Susan Swan's stroke might have had a far different outcome without the availability of tissue plasminogen activator (tPA), a powerful clot-blusting drug that can stop and sometimes even reverse the effects of an ischemic stroke.
Rapid Evaluation, Drug Treatment Can Change Stroke's Course
When tissue plasminogen activator (tPA) hit the market nearly 20 years ago, the clot-busting drug was an absolute game-changer for acute ischemic stroke patients and the medical professionals treating them.
For some patients, tPA can completely change the course of their stroke, allowing for better outcomes and higher post-stroke quality of life.
"We suddenly went from a state where an ischemic stroke was always a devastating, incurable cause of disability to a world where, in the right circumstances, a patient can be completely cured," said Patrick D. Lyden, MD, director of the Cedar-Sinai Stroke Program. "There has been nothing in neurology as big as tPA for stroke, and arguably there are few things in the history of medicine that is as big as tPA for stroke."
Lyden, who also serves as the chair of the medical center's Department of Neurology, is one of the nation's foremost authorities on stroke care and tPA. He was a major contributor to the pivotal clinical trial which led to the Food and Drug Administration's 1996 approval of the drug, and continues to delve into research about its use.
Tissue plasminogen activator functions mainly by improving blood flow to the brain after an acute ischemic stroke, and must be injected into a major artery within four and a half hours of the onset of stroke symptoms. If that's done, tPA can actually reverse the symptoms of a stroke. If not, the consequences can be permanent and debilitating – including impairments to speech, vision, cognitive ability, behavior and movement.
Rapid evaluation and action were vital in getting yoga instructor Susan Swan, 71, back in the studio and on the mat after her June 2010 stroke.
"It was like there was a tornado in my brain," Swan said, describing the day she collapsed in the middle of teaching a yoga session at Larchmont Village studio in Los Angeles. "Everything was all over the place, and when I woke up, I realized something major had happened."
Although she doesn't remember much from that day, she does recall lying in an ambulance, racing west on Third Street toward Cedars-Sinai, where she was evaluated and a "Code Brain" called, triggering the rapid response of the medical center's stroke team.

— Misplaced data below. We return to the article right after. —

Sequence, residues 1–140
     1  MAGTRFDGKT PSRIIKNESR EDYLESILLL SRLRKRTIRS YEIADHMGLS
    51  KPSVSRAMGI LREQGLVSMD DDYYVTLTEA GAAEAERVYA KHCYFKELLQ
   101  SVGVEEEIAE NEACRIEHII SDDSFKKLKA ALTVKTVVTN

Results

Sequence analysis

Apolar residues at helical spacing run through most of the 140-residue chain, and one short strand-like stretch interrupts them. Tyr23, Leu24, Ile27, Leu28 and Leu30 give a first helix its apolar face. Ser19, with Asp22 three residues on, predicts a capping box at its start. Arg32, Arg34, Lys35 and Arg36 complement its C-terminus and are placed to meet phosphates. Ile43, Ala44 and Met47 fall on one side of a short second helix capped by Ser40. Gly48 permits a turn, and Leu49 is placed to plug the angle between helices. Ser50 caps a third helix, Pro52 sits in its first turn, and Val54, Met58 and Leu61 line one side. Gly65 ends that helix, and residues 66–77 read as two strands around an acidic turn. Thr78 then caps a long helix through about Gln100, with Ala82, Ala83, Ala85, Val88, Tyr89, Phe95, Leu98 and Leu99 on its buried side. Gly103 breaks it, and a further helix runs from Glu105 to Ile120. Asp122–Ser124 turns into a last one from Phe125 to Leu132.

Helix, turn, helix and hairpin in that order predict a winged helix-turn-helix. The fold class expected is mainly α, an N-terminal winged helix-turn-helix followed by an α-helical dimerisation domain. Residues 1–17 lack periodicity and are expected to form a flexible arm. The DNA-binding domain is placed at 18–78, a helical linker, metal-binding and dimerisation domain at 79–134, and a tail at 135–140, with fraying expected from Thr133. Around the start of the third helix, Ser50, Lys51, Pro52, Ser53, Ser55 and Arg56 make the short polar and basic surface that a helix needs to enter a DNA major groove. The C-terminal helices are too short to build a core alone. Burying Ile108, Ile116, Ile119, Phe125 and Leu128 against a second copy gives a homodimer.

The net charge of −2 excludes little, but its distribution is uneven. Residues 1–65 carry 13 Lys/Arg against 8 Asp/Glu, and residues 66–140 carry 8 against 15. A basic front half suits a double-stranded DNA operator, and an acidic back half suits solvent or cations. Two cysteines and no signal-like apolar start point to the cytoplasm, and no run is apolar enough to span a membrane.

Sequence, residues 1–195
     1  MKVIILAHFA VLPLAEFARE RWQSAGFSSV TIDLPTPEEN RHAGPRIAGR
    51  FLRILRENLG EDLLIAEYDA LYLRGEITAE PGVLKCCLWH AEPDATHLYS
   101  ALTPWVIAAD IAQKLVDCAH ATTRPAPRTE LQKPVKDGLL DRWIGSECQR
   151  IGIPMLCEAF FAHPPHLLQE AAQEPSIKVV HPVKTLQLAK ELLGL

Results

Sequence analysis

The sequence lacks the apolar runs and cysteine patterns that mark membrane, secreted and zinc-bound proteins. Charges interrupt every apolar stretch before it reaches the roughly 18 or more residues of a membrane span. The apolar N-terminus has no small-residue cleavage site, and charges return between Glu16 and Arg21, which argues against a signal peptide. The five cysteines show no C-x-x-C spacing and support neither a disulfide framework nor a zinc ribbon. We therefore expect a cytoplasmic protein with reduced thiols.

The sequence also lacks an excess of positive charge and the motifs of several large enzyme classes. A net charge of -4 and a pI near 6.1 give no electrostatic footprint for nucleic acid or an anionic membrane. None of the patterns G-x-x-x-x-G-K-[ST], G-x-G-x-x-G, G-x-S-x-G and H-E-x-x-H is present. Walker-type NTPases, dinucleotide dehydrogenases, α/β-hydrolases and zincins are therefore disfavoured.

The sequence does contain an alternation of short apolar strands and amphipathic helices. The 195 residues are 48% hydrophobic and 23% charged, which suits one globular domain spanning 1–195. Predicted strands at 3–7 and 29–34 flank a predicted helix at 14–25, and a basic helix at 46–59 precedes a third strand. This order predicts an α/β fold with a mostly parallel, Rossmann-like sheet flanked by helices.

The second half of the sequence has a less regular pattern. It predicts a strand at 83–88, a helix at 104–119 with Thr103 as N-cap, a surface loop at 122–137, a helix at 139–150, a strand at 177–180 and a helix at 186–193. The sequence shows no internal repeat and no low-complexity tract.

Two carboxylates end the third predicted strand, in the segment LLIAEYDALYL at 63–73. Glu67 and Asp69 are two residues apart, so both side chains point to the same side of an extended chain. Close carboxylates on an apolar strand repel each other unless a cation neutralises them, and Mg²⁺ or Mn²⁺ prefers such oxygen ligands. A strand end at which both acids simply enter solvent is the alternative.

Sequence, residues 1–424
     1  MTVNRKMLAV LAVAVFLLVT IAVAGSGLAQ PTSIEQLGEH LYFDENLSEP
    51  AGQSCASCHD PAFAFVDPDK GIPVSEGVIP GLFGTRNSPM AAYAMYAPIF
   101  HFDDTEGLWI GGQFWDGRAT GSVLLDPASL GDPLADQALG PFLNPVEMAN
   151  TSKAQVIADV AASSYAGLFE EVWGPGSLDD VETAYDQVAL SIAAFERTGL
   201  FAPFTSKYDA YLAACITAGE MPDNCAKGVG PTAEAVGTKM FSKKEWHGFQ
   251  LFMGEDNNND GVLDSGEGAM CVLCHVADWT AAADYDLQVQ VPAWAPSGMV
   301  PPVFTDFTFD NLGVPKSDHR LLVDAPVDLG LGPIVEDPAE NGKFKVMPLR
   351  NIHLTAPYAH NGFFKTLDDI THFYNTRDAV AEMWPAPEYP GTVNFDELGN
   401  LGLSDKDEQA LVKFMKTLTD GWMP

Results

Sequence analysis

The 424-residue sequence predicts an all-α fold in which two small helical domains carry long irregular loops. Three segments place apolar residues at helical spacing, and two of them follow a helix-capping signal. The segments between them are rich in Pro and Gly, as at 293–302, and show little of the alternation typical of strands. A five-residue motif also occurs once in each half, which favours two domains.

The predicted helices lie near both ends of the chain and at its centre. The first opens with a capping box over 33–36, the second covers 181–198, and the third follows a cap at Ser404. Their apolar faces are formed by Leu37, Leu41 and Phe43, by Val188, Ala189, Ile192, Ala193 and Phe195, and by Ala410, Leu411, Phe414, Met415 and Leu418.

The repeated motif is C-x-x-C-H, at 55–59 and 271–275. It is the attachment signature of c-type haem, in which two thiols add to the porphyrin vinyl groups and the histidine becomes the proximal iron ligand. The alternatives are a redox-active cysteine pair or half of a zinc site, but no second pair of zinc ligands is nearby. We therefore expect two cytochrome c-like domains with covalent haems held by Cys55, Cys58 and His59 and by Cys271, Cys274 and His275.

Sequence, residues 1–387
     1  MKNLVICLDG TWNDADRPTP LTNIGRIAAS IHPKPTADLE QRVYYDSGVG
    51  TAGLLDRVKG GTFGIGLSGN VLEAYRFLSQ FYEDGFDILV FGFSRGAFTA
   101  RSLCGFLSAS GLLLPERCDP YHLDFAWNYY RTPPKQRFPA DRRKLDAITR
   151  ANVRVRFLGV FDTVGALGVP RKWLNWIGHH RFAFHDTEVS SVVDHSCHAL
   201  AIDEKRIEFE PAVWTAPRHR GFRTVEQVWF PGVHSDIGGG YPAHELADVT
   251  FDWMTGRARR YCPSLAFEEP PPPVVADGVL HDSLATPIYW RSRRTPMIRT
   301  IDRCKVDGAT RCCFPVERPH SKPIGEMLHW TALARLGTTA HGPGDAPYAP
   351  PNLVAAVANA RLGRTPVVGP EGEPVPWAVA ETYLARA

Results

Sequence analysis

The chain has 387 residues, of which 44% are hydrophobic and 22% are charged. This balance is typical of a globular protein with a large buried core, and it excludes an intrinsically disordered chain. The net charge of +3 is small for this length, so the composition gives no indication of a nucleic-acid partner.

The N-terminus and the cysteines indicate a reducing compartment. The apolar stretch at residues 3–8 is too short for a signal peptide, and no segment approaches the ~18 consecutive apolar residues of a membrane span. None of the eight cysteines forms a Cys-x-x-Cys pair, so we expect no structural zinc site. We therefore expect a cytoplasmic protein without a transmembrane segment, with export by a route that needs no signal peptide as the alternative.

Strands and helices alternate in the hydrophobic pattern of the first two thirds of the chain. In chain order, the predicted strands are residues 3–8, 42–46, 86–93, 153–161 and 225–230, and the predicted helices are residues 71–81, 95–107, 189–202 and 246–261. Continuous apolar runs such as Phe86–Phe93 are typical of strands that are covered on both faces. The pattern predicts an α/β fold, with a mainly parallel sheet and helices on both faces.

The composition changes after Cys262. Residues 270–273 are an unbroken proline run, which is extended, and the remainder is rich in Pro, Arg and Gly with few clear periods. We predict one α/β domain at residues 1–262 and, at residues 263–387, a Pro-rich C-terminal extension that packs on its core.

Swan received tPA within 45 minutes of her arrival in the Emergency Department.
Swan now leads an active, energetic life. She continues to teach yoga in her private studio, volunteers to help other Cedars-Sinai stroke patients during their time in the Neuroscience Critical Care Unit and helps lead the medical center's aphasia support group for patients learning to speak again post-stroke.
Shlee Song, MD, associate director of the Stroke Program, said the change tPA has brought to how stroke treatment is approached is immeasurable.
Before tPA, she said, patients diagnosed in the emergency room with a stroke were sent home and often asked to come back the next day, because there was nothing else to be done. Operational changes, such as the shift to rapid-response teams focused on immediate evaluation and treatment, are an outcome of the medical community's recognition of the positive impact tPA could have on patients' lives, she said.
The Stroke Program at Cedars-Sinai is a Joint Commission-certified Comprehensive Stroke Center, the highest possible quality-of-care designation, and consistently earns the American Heart Association/American Stroke Association Get With the Guidelines Gold Plus and Target: Stroke Honor Roll awards.
"We have this competitiveness in our group in terms of getting faster ‘door-to-needle' times, and every week we look at and evaluate those numbers," Song said. "The extraordinary collaboration between the emergency room and stroke teams has allowed us to achieve faster and faster times – sometimes even administering tPA within 30 minutes."
That's life-changing, said Lyden.
"We're talking about a cure – something that actually makes the stroke go away and often leaves the patient without any disability whatsoever," he said. "The success of tPA is frequent and the proportion of people who benefit is huge."
Although Swan still works to overcome some lingering effects of her 2010 stroke, she says doesn't even like to think about how much worse the outcome would have been had she not received tPA so rapidly.
Her evaluation of the clot-buster is simple: "The proof is in the pudding."
Thanks to the immediate response and treatment by Cedars-Sinai Stroke Program experts, 71-year-old yoga instructor Susan Swan is back on the mat and living the life she loves.